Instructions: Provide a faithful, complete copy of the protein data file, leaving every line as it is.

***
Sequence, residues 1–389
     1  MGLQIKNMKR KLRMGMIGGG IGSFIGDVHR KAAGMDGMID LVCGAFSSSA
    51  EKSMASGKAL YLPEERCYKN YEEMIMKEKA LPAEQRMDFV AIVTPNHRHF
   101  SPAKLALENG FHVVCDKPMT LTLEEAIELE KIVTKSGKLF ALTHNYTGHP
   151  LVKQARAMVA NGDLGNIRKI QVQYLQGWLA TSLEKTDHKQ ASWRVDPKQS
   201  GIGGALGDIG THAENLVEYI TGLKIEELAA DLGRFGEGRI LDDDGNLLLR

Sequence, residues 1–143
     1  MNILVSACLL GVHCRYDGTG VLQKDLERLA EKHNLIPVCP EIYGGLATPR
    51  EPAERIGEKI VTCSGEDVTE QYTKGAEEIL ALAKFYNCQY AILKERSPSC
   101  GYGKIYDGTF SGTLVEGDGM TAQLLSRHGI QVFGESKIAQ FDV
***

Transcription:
Sequence, residues 1–389
     1  MGLQIKNMKR KLRMGMIGGG IGSFIGDVHR KAAGMDGMID LVCGAFSSSA
    51  EKSMASGKAL YLPEERCYKN YEEMIMKEKA LPAEQRMDFV AIVTPNHRHF
   101  SPAKLALENG FHVVCDKPMT LTLEEAIELE KIVTKSGKLF ALTHNYTGHP
   151  LVKQARAMVA NGDLGNIRKI QVQYLQGWLA TSLEKTDHKQ ASWRVDPKQS
   201  GIGGALGDIG THAENLVEYI TGLKIEELAA DLGRFGEGRI LDDDGNLLLR

Sequence, residues 1–143
     1  MNILVSACLL GVHCRYDGTG VLQKDLERLA EKHNLIPVCP EIYGGLATPR
    51  EPAERIGEKI VTCSGEDVTE QYTKGAEEIL ALAKFYNCQY AILKERSPSC
   101  GYGKIYDGTF SGTLVEGDGM TAQLLSRHGI QVFGESKIAQ FDV